GANGNEUNG, South Korea — The roar echoed through the Kwandong Hockey Centre the moment Randi Heesoo Griffin’s shot from the right circle crossed the line for the first Olympic goal in Korean women’s hockey history.
Then the Japanese topped the combined Korean team’s moment with an even bigger piece of history.
Their first victory in their third Olympic berth with a 4-1 win at Korea’s expense.
“It is very special to win against Korea, and I feel really great, especially considering the fact that we came here as an away team and we still won,” Japan forward Chiho Osawa said.
Hanae Kubo and Shoko Ono each scored in the first period. Shiori Koike and Rui Ukita each scored in the third.
Japan came into its third Olympics winless in the Winter Games, but it has the ninth-ranked team in the world and tops in Asia.
South Korea got a berth as host of the Pyeongchang Games and brought in six North Americans for their debut. The Koreans were also playing with 12 North Koreans added to their expanded roster last month under an agreement between countries divided for seven decades. The last time the Koreas were unified was during Japanese rule from 1910 to 1945 — a period that has left the Koreas and Japan fierce and bitter rivals.
“I would say the games against Japan more than anything else have been something that have brought North and South Koreans together because everyone is saying, ‘We really need to win this game,'” Griffin said.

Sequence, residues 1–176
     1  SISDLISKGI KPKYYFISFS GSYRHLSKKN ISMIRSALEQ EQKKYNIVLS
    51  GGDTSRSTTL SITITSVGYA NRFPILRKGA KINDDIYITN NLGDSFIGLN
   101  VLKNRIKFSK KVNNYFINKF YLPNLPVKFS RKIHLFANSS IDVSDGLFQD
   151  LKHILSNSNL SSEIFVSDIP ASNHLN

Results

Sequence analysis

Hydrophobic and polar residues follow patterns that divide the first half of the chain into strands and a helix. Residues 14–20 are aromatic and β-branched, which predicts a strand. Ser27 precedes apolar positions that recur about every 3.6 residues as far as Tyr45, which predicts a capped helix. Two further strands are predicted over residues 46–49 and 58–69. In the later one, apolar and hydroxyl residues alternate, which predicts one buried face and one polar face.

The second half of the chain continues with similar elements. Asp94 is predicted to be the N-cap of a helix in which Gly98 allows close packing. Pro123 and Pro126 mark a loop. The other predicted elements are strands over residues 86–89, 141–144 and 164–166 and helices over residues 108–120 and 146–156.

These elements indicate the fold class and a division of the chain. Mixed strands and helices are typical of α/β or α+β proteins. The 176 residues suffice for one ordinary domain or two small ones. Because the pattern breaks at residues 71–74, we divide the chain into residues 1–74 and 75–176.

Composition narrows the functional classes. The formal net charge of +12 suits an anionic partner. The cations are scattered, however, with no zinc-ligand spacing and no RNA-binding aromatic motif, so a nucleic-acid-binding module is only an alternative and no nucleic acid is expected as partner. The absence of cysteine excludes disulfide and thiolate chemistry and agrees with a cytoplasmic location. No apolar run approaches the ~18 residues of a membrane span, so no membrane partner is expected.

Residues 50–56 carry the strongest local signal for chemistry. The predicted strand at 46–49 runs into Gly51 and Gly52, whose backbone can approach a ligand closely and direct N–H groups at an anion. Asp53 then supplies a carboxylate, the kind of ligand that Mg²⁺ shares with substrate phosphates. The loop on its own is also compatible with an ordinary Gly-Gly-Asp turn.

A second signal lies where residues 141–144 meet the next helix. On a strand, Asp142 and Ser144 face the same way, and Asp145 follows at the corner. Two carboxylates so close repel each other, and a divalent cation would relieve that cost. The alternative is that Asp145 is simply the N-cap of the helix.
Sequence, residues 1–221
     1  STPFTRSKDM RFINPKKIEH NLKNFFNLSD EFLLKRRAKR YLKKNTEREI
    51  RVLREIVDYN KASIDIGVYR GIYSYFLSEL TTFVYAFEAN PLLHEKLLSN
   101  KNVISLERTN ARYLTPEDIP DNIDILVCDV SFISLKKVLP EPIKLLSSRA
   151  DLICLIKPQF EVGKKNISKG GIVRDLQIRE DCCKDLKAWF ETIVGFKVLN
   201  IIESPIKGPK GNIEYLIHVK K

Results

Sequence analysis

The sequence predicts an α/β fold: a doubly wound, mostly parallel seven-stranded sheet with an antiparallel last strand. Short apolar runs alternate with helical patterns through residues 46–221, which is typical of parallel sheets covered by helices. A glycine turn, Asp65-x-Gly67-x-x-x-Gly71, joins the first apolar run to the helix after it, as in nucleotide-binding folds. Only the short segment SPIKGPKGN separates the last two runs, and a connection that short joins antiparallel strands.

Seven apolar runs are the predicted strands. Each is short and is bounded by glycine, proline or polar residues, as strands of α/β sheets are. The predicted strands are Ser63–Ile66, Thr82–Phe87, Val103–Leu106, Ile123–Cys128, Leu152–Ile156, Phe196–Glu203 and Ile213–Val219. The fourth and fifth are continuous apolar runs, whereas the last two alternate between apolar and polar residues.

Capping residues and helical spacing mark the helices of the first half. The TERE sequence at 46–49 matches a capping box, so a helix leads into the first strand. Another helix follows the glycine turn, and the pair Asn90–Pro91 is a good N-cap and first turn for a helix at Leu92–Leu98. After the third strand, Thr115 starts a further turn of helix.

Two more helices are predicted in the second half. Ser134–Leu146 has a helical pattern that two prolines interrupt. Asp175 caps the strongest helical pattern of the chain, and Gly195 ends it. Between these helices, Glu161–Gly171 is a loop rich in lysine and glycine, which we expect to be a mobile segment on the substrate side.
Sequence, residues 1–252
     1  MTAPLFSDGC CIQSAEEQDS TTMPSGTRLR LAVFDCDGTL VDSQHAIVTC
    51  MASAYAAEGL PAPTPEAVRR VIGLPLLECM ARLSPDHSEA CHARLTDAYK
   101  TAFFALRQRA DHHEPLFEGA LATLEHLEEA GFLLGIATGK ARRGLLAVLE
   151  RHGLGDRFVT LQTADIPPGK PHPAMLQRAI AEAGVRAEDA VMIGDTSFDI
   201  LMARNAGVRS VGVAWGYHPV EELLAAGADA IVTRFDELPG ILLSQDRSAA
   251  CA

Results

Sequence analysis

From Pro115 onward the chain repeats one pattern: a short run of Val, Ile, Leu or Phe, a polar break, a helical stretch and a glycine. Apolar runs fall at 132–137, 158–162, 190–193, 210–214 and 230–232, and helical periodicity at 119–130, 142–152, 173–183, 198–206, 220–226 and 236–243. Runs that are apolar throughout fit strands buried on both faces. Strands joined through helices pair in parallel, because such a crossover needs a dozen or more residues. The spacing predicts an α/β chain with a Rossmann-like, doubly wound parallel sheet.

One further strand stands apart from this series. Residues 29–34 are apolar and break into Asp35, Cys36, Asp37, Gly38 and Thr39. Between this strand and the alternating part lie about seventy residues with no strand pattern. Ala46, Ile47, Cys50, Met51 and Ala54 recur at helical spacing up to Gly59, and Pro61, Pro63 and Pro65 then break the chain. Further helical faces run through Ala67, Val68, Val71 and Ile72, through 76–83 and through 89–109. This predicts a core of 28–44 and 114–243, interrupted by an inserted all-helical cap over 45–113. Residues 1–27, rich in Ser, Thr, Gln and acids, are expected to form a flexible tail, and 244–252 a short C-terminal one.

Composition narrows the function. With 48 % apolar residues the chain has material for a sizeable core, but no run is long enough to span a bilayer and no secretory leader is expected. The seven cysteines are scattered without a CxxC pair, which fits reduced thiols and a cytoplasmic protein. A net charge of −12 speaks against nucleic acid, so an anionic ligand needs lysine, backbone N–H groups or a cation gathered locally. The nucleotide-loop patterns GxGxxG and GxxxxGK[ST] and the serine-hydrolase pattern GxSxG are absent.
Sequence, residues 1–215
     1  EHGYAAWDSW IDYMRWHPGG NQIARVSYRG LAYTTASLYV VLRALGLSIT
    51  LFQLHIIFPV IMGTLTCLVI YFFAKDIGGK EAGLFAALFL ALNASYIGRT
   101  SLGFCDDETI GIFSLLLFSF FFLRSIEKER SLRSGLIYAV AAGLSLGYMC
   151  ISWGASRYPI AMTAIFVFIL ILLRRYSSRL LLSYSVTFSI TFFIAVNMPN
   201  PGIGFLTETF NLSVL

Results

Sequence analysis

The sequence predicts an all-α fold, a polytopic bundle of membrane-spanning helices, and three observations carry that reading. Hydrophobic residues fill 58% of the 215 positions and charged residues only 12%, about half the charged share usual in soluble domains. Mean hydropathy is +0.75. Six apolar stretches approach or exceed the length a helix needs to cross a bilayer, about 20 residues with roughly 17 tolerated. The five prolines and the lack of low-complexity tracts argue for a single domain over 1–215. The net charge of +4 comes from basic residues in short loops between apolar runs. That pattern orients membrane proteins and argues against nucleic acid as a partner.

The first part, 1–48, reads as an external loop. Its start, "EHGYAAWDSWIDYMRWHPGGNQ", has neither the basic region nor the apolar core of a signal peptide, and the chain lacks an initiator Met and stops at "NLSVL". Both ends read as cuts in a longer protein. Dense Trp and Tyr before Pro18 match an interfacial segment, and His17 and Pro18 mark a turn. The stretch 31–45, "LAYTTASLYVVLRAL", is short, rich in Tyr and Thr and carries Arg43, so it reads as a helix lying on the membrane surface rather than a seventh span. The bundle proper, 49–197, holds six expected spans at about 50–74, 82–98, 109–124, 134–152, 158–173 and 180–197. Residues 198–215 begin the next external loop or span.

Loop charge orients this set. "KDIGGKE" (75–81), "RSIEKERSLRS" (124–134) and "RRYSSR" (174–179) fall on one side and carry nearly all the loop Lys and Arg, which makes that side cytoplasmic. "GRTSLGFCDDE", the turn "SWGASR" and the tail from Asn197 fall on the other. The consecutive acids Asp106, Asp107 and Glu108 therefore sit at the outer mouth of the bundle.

Kubo scored 67 seconds in, and Ono added a power-play goal at 3:58.
The Koreans made Olympic history of their own with their first goal at 9:31 of the second on their 33rd shot over three games. And the goal came from a pair of Americans recruited to help South Korea field its first Olympic team.
Griffin was one of several foreign-born players who joined the South Korean national team after naturalization last year. After being asked by the Korean Olympic Committee to fast-track the naturalization of import players, the Justice Ministry granted them citizenship in accordance with a revised law that allows qualified foreign nationals to hold multiple citizenships.
The Duke doctoral student from Cary, North Carolina, whose mother is from South Korea, scored from the right circle off an assist from fellow American Marissa Brandt before the Koreans came together jumping and celebrating on the ice. Griffin said it was good Korea scored a goal in the Olympics, something the team desperately wanted. The goal mattered more than the quality.
“It was kind of a lucky bounce that went in,” Griffin said. “Most of all I feel proud of how our team played, we really gave them a run for their money.”
Fans erupted while the North Korean cheerleaders jumped from their seats in the most uncoordinated moves they’ve made yet.
Shin So Jung made 40 saves, keeping Korea close. Then Koike scored on a slap shot from the high slot with 8:18 left, and Ukita, suspended for Japan’s loss to Switzerland, had an empty-netter with 1:27 to go.
Both teams play Sunday against the losers of Saturday’s quarterfinals to classify the fifth through eighth teams. Japan finished seventh in Sochi in 2014.
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